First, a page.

Seth Curry Sounds Off on Playing With Brother Steph Curry, Warriors

Steph Curry, Seth Curry

Getty Stephen Curry of the Golden State Warriors dribbles against Seth Curry of the Portland Trail Blazers in a 2019 game.

The Golden State Warriors already have the best basketball player in the world with the last name Curry on their roster, and adding the second best alongside him isn’t without its appeal.

Talk of Seth Curry joining his older brother, Steph, on the Golden State Warriors started last month with Kevin Durant’s request of the Brooklyn Nets to trade him. The younger Curry became Durant’s teammate via the trade that sent James Harden to the Philadelphia 76ers and shipped Ben Simmons up to New York last season.

Durant named the Phoenix Suns and the Miami Heat as the organizations to which he would prefer the Nets deal him, but the Warriors soon became a player in the discussion via reporting from Marc J. Spears and Brian Windhorst, both of ESPN. Golden State has the necessary young talent and control of enough of their own draft picks to potentially meet what would certainly be a steep asking price for Durant’s services.

In return, however, the Warriors could theoretically ask for a cherry on top of the Durant sundae — in this case, Steph’s younger sibling, Seth, to add some offensive firepower to a Dubs bench that has lost several key contributors in free agency already this offseason.

Seth spoke with NBC Sports Bay Area’s Monte Poole during the July 21 episode of the “Dubs Talk” podcast, during which Poole inquired about Seth’s interest in teaming up with his elder brother.

“I’ve thought about it as people bring it up,” Seth said. “But to me, personally, I enjoy kind of being away from him, trying to create my own path and do my own thing.”

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Seth Curry Leaves Open Possibility of Someday Joining Steph Curry

Steph Curry, Seth Curry

GettySteph and Seth Curry after the Warriors’ Game 4 of the Western Conference finals in 2019.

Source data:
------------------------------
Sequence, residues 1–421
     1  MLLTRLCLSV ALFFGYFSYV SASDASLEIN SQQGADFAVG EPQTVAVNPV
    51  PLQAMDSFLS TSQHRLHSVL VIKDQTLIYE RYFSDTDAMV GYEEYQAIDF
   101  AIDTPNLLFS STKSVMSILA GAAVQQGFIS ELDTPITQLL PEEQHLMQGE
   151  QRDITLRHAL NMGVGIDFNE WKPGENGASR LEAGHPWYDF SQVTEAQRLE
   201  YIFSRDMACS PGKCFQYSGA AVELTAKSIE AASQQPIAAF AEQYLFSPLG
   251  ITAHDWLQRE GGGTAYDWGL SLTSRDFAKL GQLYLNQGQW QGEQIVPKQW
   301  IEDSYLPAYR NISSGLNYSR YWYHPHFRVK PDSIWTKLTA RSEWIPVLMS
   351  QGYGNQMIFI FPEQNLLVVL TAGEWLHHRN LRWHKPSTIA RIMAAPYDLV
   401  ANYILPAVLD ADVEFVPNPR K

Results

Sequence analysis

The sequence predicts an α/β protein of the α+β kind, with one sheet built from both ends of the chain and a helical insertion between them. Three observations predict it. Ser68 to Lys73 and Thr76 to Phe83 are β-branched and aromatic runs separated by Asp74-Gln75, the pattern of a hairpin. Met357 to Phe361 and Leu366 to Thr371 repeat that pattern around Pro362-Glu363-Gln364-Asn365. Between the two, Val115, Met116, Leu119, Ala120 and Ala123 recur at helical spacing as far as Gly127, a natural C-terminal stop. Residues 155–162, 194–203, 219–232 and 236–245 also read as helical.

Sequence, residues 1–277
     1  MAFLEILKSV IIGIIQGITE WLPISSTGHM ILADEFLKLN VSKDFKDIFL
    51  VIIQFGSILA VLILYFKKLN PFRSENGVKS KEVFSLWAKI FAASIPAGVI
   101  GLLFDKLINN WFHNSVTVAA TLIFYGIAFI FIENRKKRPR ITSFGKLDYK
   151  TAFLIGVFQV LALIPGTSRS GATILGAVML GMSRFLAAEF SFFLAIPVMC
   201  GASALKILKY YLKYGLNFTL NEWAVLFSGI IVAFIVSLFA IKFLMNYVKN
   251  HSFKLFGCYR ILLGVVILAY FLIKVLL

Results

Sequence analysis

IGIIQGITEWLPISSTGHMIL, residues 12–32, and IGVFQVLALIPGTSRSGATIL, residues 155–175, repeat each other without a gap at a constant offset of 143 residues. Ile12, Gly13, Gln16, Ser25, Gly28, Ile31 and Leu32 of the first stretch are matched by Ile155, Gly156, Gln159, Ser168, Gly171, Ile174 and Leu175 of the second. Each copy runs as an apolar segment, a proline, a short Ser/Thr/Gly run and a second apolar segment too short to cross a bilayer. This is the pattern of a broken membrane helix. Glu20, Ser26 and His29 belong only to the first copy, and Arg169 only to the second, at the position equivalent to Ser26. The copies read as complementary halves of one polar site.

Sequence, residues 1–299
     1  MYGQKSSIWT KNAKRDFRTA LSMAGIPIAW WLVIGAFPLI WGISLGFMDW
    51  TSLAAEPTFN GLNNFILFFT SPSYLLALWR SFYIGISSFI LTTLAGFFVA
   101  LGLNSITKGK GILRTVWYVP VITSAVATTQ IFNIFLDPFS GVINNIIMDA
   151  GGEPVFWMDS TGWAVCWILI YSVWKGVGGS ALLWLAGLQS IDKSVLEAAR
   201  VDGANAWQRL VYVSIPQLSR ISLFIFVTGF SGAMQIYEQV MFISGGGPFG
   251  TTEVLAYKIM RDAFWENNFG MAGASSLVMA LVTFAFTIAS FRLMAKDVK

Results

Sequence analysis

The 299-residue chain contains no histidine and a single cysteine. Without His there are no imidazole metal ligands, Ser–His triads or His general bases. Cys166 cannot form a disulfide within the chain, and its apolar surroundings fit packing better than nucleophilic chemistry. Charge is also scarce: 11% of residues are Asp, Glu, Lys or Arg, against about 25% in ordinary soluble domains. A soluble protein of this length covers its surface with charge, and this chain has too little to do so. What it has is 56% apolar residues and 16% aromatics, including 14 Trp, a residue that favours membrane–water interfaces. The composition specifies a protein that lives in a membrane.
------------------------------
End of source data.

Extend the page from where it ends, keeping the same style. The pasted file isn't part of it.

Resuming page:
Despite something of a surprising initial answer, Seth left the door open to someday playing alongside his brother in the NBA — as long as he can get the better of Steph first, at least once.

You never know what the future holds. I wouldn’t be against it, but it’s definitely not my preferred choice to be on the same team as him — definitely right now. I also like competing against him and trying to beat the best.

Being a younger brother gave me another leg up and an edge to get to where I am today. I always had somebody that I was chasing to be as good as, or better than, in literally everything, not only just basketball.

The Curry brothers squared off in the 2019 Western Conference finals when Seth was a member of the Portland Trail Blazers. The Warriors swept that series in four straight games.


Seth Curry Has Become a 3-Point Threat Similar to Steph

Stephen Curry Seth Curry Warriors-Sixers

GettySeth Curry (left) and Steph Curry (right) when Seth was on the Philadelphia 76ers.

Seth got off to a slow start in his NBA career but has developed into a threat from behind the arc, similar to his brother.

Over the course of his nine years in the league, Seth has tallied a 3-point percentage of 43.9%. That number is actually better than Steph’s by more than a full percentage point, who shoots 42.8% from deep for his career, per Basketball Reference. However, Steph’s volume is exactly twice as high across 13 years in the NBA as his younger brother’s: Steph has attempted 8.8 shots from deep per game compared to Seth’s average of 4.4 attempts from the 3-point line each night.

Seth has become a legitimate offensive producer over the latter portion of his career, averaging double-digits in points per game every season, save for one, since his 2016-17 campaign with the Dallas Mavericks. He set a career-high mark in that category last season, averaging 15 points per contest across 64 regular season appearances split between Philadelphia and Brooklyn.

While his skill set and personality would fit in well with the Warriors’ current roster, the chances of Seth and Steph teaming up took a serious hit on Thursday when Golden State general manager Bob Myers indicated that the Dubs are unlikely to trade for Durant — meaning that Seth isn’t likely to be coming to the Bay Area either.

“I like our team and where it’s at. I want to give the guys a chance to do it again,” Myers said, per NBA.com. “It’s a good group. We’re lucky. It’ll be fun to see. We were really hunting last year. Now I guess we’re back to being the hunted, which I didn’t think we’d be. We’ll see. I think we can handle it.”

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